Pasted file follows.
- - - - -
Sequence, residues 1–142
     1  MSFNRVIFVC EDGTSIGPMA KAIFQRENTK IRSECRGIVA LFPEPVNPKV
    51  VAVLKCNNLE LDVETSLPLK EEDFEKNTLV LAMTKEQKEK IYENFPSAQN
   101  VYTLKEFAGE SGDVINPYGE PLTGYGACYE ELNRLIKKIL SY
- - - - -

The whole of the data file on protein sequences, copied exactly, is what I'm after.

Sequence, residues 1–142
     1  MSFNRVIFVC EDGTSIGPMA KAIFQRENTK IRSECRGIVA LFPEPVNPKV
    51  VAVLKCNNLE LDVETSLPLK EEDFEKNTLV LAMTKEQKEK IYENFPSAQN
   101  VYTLKEFAGE SGDVINPYGE PLTGYGACYE ELNRLIKKIL SY